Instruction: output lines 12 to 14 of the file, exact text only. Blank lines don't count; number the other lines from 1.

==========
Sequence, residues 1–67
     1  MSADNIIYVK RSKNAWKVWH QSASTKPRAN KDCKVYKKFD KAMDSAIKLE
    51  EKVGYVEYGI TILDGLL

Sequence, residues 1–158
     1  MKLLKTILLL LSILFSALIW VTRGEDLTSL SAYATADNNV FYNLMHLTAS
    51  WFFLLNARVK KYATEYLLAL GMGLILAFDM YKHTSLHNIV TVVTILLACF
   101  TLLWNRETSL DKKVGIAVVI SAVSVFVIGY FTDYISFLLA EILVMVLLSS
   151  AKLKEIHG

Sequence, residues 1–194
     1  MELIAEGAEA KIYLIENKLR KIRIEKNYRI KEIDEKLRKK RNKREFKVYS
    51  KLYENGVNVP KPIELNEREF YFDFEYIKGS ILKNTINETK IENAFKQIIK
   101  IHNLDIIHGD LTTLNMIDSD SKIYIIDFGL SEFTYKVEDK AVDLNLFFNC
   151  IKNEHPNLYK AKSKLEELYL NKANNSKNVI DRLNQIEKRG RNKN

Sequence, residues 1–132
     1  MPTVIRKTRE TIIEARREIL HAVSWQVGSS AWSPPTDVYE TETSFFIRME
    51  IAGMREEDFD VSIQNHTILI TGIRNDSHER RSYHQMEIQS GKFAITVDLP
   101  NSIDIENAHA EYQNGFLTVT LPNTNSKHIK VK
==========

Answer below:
   101  IHNLDIIHGD LTTLNMIDSD SKIYIIDFGL SEFTYKVEDK AVDLNLFFNC
   151  IKNEHPNLYK AKSKLEELYL NKANNSKNVI DRLNQIEKRG RNKN

Sequence, residues 1–132